Just over a week ago 3Dconnexion, subsidiary of Logitech, announced what is sure to be another incredibly popular 3D navigation device – the SpacePilot PRO. This latest version introduces a number of incredibly cool but more importantly useful features like the LCD workflow assistant, and increased comfort. Having used the original SpacePilot for some time now, 3Dconnexion was kind enough to send me its latest SpacePilot PRO to review for myself.
Not to say looks are everything, but when a product is going to consume 9 in x 6 in of my desk; it better not be an eye sore. The SpacePilot PRO certainly doesn’t let one down on looks. Its curved profile & black color makes it anything but an eye sore on my desk. However, let’s face it, for a product as expensive as the SpacePilot PRO, it doesn’t only have to look good, but also have outstanding performance as well. I am happy to say it performs as wonderfully as it looks.
Prior to receiving the SpacePilot PRO, the only 3D mouse I had used was the original SpacePilot. While I came to use the SpacePilot rather frequently, the device was a little too boxy for me. Holding the device never felt as natural as I always thought it could be, and I always wondered how the SpacePilot and SpaceExplorer compared with respect to comfort. Of course, then came the all-new SpacePilot PRO. Quite simply, the curved profile of the SpacePilot PRO fits my hand perfectly. By enlarge, using the device just feels natural.
The symmetrical nature of the SpacePilot PRO makes it an incredibly useful device. Overall, I found each of the buttons on the device to be placed in intelligent locations. There are a few caveats to that statement. For instance, I found the numbered function buttons placement to be a little unnatural. The function buttons seemed to fall perpendicular to my palm, and so pressing them with my pinky wasn’t as easy as pressing the function buttons on the original SpacePilot.
Before I received the physical device, 3Dconnexion did send me some photos of the new SpacePilot PRO. Like everyone, my eyes instantly focused on the color LCD screen (which holds a very prominent place on the device itself). I truly questioned if the color LCD screen was more a gimmick than a true value-adding feature. After having the chance to use the device for myself, I have truly gotten to appreciate the interoperability with Microsoft Outlook.
Out of the box, the SpacePilot PRO ships with a number of small applications that utilize its LCD screen. These include Outlook Mail, Outlook Calendar, Outlook Tasks, and RSS Feeds. 3Dconnexion has made an API available for the device, so with a little coding knowledge, you can really expand the functionality of this device. If programming isn’t your cup of tea, the SpacePilot PRO doubles as a Windows SideShow device. Microsoft has a gallery of these widget-like tools for you to choose from.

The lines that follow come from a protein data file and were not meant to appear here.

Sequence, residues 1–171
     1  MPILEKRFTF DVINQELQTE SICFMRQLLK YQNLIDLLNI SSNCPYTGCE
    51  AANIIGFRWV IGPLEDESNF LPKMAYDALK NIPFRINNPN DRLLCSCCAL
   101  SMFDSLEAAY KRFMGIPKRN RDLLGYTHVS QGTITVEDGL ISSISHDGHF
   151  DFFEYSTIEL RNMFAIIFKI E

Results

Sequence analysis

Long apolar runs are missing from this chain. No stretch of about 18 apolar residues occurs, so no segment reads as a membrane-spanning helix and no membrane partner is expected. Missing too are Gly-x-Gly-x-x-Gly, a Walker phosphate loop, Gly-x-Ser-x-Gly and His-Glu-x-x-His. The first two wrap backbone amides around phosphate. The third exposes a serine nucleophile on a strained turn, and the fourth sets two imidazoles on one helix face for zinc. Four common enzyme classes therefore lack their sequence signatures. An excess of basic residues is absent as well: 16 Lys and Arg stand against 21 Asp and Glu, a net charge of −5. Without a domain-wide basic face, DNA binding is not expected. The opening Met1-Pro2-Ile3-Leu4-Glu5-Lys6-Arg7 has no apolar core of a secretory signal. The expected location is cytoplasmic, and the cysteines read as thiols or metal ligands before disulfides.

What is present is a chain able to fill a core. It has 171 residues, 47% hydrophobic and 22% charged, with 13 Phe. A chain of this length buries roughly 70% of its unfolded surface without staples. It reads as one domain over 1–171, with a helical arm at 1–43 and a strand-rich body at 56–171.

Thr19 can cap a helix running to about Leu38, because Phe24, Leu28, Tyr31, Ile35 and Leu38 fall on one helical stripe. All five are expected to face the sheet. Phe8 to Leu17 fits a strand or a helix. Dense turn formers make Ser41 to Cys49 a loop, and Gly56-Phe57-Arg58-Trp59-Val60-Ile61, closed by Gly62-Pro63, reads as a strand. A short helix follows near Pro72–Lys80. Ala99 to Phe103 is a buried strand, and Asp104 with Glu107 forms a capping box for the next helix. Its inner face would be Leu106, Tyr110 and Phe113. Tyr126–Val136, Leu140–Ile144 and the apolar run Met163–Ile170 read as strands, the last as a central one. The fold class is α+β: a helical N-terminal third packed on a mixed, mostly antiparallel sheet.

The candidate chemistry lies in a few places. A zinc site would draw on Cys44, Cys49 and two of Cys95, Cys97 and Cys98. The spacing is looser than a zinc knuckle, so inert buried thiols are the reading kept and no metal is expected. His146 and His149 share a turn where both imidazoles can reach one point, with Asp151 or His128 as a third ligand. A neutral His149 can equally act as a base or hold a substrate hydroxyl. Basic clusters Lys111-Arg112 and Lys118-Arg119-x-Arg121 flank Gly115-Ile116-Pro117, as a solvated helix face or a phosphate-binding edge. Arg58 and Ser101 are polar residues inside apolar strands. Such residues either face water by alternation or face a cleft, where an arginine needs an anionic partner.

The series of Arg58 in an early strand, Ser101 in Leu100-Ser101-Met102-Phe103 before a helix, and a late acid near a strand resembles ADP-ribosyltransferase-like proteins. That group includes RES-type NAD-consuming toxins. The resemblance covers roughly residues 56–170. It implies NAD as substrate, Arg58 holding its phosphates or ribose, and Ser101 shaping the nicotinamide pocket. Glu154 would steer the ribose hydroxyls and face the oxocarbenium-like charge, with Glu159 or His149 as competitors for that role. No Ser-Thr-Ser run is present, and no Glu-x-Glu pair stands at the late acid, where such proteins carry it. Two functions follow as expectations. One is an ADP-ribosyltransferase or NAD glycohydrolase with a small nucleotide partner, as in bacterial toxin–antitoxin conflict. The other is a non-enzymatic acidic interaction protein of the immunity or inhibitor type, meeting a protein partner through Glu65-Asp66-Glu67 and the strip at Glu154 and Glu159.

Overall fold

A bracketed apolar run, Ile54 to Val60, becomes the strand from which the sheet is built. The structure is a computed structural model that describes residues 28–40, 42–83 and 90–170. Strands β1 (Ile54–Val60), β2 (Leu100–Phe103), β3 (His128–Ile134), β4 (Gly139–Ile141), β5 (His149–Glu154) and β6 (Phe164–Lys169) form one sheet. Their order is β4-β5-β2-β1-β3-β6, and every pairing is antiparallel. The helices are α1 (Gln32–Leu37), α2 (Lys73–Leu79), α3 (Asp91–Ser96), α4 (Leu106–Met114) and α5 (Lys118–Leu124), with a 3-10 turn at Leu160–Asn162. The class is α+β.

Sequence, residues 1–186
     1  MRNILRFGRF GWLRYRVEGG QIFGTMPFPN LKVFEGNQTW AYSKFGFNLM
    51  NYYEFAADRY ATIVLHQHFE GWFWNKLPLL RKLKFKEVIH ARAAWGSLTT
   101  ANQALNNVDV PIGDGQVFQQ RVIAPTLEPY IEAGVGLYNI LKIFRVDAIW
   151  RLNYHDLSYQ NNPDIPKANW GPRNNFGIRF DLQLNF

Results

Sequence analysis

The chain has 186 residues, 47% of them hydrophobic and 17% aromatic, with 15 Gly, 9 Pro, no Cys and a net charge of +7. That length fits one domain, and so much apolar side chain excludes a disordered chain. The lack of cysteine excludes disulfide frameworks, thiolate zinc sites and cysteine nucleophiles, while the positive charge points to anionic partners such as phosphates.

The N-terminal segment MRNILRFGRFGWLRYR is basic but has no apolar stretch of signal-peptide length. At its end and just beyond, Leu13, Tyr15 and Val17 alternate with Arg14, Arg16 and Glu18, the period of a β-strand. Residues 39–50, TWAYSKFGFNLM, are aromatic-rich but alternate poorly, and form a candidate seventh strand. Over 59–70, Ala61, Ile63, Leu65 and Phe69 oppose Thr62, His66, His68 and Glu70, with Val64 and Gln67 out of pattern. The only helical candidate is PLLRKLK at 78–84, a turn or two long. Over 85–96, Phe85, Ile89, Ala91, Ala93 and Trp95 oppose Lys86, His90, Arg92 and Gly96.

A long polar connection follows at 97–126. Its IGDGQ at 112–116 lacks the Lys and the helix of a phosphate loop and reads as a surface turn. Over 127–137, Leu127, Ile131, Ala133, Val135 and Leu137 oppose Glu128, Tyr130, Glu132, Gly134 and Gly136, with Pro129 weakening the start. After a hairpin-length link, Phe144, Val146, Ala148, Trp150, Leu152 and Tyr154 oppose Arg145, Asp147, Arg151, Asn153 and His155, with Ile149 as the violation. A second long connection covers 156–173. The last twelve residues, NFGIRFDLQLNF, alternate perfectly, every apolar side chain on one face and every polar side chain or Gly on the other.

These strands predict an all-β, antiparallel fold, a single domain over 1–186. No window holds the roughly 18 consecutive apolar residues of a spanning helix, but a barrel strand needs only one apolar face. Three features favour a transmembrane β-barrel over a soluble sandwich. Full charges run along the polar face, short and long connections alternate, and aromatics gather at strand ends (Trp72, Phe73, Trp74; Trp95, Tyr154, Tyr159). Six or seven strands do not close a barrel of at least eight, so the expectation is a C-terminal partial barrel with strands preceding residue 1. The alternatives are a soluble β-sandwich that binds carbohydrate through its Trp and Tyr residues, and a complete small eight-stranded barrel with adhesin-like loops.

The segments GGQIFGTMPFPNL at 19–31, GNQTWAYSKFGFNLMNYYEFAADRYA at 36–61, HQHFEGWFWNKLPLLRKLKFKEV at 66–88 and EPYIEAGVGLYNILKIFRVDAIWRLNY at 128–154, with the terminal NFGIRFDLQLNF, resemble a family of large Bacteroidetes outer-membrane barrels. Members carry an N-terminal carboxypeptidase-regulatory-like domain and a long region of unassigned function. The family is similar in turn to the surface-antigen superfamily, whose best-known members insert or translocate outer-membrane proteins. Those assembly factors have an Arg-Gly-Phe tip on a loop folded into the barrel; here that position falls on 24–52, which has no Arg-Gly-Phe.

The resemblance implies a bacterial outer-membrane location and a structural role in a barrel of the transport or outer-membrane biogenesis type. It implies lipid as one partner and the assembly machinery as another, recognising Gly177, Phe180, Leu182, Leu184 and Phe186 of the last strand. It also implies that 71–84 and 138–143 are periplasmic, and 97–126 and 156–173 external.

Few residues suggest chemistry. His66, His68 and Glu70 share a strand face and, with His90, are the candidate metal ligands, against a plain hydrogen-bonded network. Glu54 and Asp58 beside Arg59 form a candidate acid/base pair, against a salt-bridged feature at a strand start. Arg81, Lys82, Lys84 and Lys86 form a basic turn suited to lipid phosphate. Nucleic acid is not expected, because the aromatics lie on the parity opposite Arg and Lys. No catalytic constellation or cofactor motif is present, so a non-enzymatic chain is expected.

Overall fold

If you have read this blog for any time you know, my primary design platform is AutoCAD Civil 3D. Each of 3Dconnexion’s devices supports a number of CAD platforms, AutoCAD included. Currently 3Dconnexion’s devices DO NOT support the latest 2010 release of AutoCAD. Considering each of 3Dconnexion’s devices are aimed at 3D, not 2D design, it’s understandable their support for AutoCAD starts with the 2007 release. While the SpacePilot PRO will not work with the 2010 release yet, I’m sure a driver update is imminent.
Unlike applications like Inventor, which are all 3D all the time, AutoCAD can function as both 2D and a 3D design platform. How much mileage you get from a device like the SpacePilot PRO will truly hinge on how you use AutoCAD. In my experience, if you’re doing 3D design, a 3D navigation device is a no brainer (you want one). However, if you use AutoCAD primarily as a 2D drafting platform, the decision to purchase a 3D navigation device ventures into the grey area. Let me expand on that thought.
If you’re big into customizing AutoCAD, you may find the function keys to be incredibly helpful. For instance, you could configure the device to execute some command/customization with the press of a button. In other words, there’s value here, but how much really hinges on how you use AutoCAD. Something that may not seem incredibly obvious to some is while Civil 3D wears the 3D name plaque it primarily utilizes a 2D workspace. Translation, you’ll only see the full benefits of a 3D navigation device inside the 3DORBIT command, or a 3D workspace. While that’s not a big deal, one of my biggest disappointments was none of 3Dconnexion’s devices work with the AutoCAD Object Viewer.
The new SpacePilot PRO is an excellent addition to 3Dconnexion’s line of 3D navigation devices. For anyone who finds their self spending a lot of time in 3D applications like 3D Studio, Inventor, even Google SketchUp, a device like the SpacePilot PRO is a no brainer. On the other hand if you’re a casual 3D designer (Civil 3D), I wouldn’t call a device like the SpacePilot PRO a necessity. In my opinion, a better match for casual 3Ders would be the SpaceNavigator. Even then, the “need” really hinges on the way you use the product. For instance, if you never analyze your site in 3D, than you probably don’t need a 3D navigation device.
Whatever the case, the new SpacePilot PRO really does raise the bar once again. It builds upon the already impressive functionality of the SpacePilot, and packages it into one incredibly comfortable and easy-to-use device.